Whilst browsing the delightful handmade items at Tiffany’s stall at Kallista Market last Saturday; I couldn’t help but notice her attention to detail, variety of works and appealing layout of her stall. Everything was there; from screen-printed tea towels, embroidered covered stones and small painted canvases. I just had to find out more. So I asked and found out what drives her to create and what else she is up to!
You worked as a ‘scenic artist’ on film and Television, what did that involve?
It was a really diverse and interesting job, no two days were the same. From painting a high rise backdrop for a music clip to sculpting polystyrene with a chainsaw, or fibre glassing a giant ice block then spraying a studio white!
Has that work informed your style?
As much as I loved that job, my creativity was exhausted when I got home from work, so my own artwork suffered. I did learn new techniques and also about thinking outside the box.
Your style is very decorative, what other artists or art movements are influences on your work?
I love the work of Frida Kahlo, William Morris , Antoni Gaudi and Gustav Klimt. I am influenced by the details in their work. 19th Century Poster Art is always a great source of inspiration for me. Also the details in the garden, in architecture, fabric, vintage wallpapers, and on old china.
Tell me about the transition from beach life to life in the Hills, in terms of your artwork. Are they both as equally inspiring?
I loved growing up by the beach but living in the hills is much more inspiring for me. You only need to look out the back door to find something to inspire the next “masterpiece”. The dappled green light is beautiful and calming. It is also great to be a part of such a large community of artists.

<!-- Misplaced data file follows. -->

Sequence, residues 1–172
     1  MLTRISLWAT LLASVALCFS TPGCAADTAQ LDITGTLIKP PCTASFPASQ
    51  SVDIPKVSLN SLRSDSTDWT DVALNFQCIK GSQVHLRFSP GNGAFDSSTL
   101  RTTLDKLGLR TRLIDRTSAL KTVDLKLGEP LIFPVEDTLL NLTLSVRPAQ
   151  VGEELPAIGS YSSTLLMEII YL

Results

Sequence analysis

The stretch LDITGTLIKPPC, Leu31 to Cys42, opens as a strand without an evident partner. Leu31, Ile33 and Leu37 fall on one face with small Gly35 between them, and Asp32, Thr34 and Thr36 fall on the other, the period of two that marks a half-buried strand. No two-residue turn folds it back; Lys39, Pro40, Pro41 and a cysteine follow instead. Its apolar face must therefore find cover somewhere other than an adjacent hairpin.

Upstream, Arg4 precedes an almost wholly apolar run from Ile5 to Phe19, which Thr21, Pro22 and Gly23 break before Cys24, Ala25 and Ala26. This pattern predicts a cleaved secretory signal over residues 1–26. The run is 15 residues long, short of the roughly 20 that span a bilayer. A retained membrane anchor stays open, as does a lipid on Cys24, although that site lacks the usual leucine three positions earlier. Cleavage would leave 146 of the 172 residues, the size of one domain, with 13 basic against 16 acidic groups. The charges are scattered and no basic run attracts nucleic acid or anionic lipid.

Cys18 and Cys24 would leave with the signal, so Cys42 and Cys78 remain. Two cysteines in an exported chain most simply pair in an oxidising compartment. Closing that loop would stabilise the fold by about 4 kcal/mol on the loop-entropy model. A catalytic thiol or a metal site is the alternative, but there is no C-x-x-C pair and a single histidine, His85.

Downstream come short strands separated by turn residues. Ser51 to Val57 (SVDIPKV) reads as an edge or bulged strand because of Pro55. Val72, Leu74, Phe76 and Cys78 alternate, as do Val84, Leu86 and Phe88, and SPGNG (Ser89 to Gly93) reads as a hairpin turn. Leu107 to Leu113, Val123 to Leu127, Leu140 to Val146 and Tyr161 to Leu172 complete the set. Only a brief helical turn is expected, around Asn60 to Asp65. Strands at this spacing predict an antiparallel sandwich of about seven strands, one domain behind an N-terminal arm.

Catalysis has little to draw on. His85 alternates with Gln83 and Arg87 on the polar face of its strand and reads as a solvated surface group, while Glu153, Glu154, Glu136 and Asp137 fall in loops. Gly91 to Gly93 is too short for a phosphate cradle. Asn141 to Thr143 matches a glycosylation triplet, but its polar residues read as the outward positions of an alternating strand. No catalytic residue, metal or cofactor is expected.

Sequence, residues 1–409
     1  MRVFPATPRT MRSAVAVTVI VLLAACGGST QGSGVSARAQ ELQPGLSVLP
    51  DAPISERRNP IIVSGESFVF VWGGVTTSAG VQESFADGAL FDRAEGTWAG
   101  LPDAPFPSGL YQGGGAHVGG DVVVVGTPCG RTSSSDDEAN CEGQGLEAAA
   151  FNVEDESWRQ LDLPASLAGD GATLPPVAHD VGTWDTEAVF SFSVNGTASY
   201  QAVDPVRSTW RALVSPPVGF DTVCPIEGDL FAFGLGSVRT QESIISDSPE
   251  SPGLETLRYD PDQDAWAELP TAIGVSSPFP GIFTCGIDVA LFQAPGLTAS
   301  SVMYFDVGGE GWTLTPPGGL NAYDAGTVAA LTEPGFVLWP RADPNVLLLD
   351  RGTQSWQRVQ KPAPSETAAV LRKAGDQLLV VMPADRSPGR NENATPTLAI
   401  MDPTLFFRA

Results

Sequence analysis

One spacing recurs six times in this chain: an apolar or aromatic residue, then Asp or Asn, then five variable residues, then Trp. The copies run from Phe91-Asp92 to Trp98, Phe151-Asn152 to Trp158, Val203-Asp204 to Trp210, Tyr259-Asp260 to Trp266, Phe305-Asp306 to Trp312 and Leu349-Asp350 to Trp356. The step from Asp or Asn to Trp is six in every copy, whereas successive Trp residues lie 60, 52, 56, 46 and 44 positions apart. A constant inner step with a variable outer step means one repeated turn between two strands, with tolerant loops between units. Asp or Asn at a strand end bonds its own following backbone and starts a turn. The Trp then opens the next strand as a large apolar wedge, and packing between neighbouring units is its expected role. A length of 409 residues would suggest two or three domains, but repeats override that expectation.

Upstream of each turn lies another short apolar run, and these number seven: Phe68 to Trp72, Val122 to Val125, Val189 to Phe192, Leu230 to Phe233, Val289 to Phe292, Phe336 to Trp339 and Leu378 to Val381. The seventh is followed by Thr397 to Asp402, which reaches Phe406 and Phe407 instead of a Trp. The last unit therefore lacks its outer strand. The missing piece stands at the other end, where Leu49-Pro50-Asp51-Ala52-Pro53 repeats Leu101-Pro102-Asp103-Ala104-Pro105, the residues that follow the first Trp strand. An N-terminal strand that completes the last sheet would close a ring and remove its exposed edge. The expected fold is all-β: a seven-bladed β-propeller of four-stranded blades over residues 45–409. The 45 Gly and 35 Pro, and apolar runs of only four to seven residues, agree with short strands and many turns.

You work with a number of different mediums, what is the most challenging?
When you start with a new medium it is always challenging, trying to push it, to create something different, to find your style. I do love working with oil pastels. I have learnt my own technique from playing around and experimenting but it is more structured than when I am painting with watercolours and ink where I leave a bit more to chance.
You run a little art class on Fridays, can you please tell me about that?
The class started a few years ago by a close friend of mine. She asked if I would teach her, I agreed and since a few of her friends joined then friends of friends. It is not a structured class. I guide everyone individually in the medium of their choice, in the subject of their choice. I think the ladies enjoy a creative outlet at the end of the week. They love a bit of a chat and I do bake cakes every week for their morning tea.
Are you involved much with other crafters/artists? How often do you collaborate?
Living in the Hills , I am always meeting new artists. It is great to be around other creative people. I don’t often collaborate but am always open to the idea. I would love to work with a ceramicist or jeweller one day.
Next is a group exhibition that I am organizing at the Burrinja Café in Upwey that I am really excited about. It is called The Twelve Days of Christmas. It involves twelve artists creating one artwork each from one of the twelve days of Christmas from the Christmas Carol. I have chosen artists from different disciplines. There is a painter, a printmaker, a digital artist, a quilter and a photographer amongst the group so it will be fascinating to see everyone’s interpretation of their given day. It will run from the 22nd November till 22nd December . I hope lots of people will come down for a look.
The End Of The Line Belgrave Arts Festival is also on November and I am hoping to take part in the annual Dandenong Ranges Open Studios weekend next year.